FBAR Filing – What You Need to Know About FBAR Reporting in 2019
- 1 FBAR Filing – Common Questions
- 2 More Detailed FBAR Filing Summary
- 3 IRS Penalties for Late Filing the FBAR
- 4 4 Types of IRS Voluntary Disclosure Programs
FBAR Filing – What You Need to Know About FBAR Reporting in 2019
FBAR Filing: Taxpayers with foreign bank and financial accounts may have a FinCEN 114 FBAR filing requirement to disclose their account information on an annual “Report of Foreign Bank and Financial Account form” with the Department of Treasury (FinCEN) — in order to avoid IRS Penalties.
FBAR Filing – Common Questions
Do I Have To Report Foreign Bank Accounts to the IRS?
Yes, if you meet the threshold filing requirements for reporting foreign bank (and financial accounts), you have to report them to the IRS, and usually you will have to file an “FBAR.”
What is an FBAR Filing?
An FBAR filing is the annual reporting of foreign accounts on an “FBAR” (Report of Foreign Bank and Financial Account Form aka FinCEN 114)
Do I Have to File FBAR Every Year?
Yes, you have to file FBAR in any year you meet the threshold filing requirements for filing the form.
When Should I File the FBAR?
The FBAR is due in April, the same time your taxes are due. Currently, the FBAR is on automatic extension until October.
Can I File FBAR for Previous Years?
Yes, and you are actually required to do so, but you have to use one of the approved Offshore FBAR Amnesty Programs to submit (including possible delinquency procedures or reasonable cause).
What Is The Penalty For Not Reporting A Foreign Bank Account?
The Penalty for not Reporting the FBAR is tough. It ranges from non-willful to willful penalties, and civil as well we criminal penalties.
More Detailed FBAR Filing Summary
The following is a more detailed summary about Filing the FBAR:
What is the FBAR Form?
Filing of the FBAR is required for Taxpayers with Foreign Bank Accounts and Financial Accounts. U.S. Persons File an Annual FBAR Reporting Statement (FinCEN 114), to comply with IRS and FinCEN reporting requirements.
And with the introduction and enforcement of FATCA, there has been a renewed interest in Foreign Account Reporting, Filing and Disclosure.
For many U.S. Persons, it is not until several years after their first Report of Foreign Bank and Financial Account form was due, that they realized they had a requirement to file an annual Foreign Bank Account Reporting form.
Who Needs to File the Annual FBAR (FinCEN 114)
The form must be filed by U.S. persons. In order to confuse you, the IRS does not define US person to mean the same as U.S. Citizen. A U.S. person (individual) typically falls into three categories: U.S. Citizen, Legal Permanent Resident, Foreign National who meets the IRS Substantial Presence Test (typically individuals on H-1B Visa, L-1 Visas, and E-2 Visas – although it is not a requirement to have one of these Visas).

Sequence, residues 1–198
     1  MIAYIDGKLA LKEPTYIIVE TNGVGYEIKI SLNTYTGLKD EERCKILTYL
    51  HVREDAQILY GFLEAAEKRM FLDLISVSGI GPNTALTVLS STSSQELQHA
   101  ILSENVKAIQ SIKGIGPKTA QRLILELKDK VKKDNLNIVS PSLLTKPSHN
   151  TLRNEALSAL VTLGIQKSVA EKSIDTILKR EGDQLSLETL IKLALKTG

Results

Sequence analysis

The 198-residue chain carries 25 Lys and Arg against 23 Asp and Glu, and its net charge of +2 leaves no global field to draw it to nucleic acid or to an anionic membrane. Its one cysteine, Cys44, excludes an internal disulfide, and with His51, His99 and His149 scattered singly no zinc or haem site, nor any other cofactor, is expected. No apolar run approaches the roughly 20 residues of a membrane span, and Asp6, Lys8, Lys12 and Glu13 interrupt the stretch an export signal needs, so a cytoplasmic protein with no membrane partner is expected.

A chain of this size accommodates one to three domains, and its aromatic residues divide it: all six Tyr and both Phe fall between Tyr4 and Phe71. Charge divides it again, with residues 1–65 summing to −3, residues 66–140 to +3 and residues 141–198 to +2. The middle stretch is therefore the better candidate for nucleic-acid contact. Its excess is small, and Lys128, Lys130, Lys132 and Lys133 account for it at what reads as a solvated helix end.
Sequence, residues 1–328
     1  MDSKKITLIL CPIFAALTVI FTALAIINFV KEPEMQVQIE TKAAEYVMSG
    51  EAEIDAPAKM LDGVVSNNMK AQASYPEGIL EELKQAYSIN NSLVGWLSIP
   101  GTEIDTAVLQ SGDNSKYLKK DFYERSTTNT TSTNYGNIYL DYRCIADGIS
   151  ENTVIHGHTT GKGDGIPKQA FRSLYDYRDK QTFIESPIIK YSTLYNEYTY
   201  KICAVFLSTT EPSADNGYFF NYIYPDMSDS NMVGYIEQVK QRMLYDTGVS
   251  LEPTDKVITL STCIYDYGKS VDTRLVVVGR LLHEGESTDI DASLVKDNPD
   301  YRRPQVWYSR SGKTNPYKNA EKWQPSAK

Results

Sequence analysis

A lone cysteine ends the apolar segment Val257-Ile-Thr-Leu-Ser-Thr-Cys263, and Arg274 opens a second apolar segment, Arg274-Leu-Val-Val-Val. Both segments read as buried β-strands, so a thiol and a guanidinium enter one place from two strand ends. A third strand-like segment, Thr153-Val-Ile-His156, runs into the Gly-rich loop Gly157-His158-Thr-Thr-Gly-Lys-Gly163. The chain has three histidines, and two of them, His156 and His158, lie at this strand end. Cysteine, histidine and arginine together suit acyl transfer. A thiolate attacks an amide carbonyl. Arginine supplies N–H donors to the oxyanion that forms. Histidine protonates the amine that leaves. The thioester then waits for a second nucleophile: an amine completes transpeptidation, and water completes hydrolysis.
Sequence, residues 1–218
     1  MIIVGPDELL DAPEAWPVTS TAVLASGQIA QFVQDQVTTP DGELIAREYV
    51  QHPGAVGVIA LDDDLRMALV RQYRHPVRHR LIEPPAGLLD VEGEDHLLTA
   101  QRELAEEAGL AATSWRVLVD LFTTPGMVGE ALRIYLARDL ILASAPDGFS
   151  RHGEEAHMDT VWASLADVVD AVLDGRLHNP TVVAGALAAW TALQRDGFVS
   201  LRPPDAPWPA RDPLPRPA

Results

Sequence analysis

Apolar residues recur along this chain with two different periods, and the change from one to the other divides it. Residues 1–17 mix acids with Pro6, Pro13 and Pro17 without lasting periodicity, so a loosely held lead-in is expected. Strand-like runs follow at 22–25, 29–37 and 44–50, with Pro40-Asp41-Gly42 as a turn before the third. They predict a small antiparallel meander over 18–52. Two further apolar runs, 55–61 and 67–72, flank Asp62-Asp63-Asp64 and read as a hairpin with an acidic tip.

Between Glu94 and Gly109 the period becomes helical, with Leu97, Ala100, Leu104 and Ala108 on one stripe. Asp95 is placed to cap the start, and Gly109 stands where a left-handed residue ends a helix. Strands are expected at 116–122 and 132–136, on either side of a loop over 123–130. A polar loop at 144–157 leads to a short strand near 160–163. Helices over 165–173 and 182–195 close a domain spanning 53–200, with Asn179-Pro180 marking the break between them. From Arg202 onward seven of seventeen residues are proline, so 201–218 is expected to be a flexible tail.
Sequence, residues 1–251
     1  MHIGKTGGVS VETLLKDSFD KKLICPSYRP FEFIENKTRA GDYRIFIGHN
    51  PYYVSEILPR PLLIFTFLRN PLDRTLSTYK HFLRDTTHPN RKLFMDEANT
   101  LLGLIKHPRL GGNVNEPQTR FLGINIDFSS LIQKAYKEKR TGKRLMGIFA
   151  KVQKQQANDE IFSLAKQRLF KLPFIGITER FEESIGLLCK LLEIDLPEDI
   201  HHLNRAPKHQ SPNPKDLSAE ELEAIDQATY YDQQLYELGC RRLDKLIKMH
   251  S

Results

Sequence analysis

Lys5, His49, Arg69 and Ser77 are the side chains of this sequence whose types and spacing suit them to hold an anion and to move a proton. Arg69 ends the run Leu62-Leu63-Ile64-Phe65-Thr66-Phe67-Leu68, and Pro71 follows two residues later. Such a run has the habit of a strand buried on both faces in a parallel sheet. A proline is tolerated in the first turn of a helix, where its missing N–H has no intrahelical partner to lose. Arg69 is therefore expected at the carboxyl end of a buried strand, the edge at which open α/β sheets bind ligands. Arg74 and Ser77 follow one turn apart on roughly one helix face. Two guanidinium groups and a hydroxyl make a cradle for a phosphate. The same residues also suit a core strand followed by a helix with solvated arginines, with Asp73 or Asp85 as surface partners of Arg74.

If you are a US person, then you move onto step two.
The threshold requirements are relatively simple. On any day of the year, if you aggregated (totaled) the maximum balances of all of your foreign accounts, does that total amount exceed 10,000? If it does, then you have to file the form. The most important thing to remember is you do not need to have more than $10,000 in each account; rather, it is an annual aggregate total of the maximum balances of all the accounts.
What Types of Accounts are Included on the FBAR?
This is one of the more difficult parts of the job. That is because when a person thinks of financial accounts, they typically think of a “Bank Account.” It makes sense, since the word “Bank” is included directly in the FBAR definition. Therefore, many people (understandably so) will only focus just on bank accounts. Unfortunately, you have to include all financial accounts unless it is otherwise excluded (and there are only a few exclusions).
Some examples of other accounts include:
- Stock accounts that have an Account Number
- Private Pension Accounts
- Investment Accounts
- Foreign Mutual Funds and ETF Accounts
- Foreign Life Insurance that has a Surrender Value
How Many Accounts Do You Have?
This is an important question, because if you have more than 25 accounts then you do not have to list all of the accounts on the actual form. Rather, you maintain your own records so that the IRS contacts you on a future date, you will have that information available.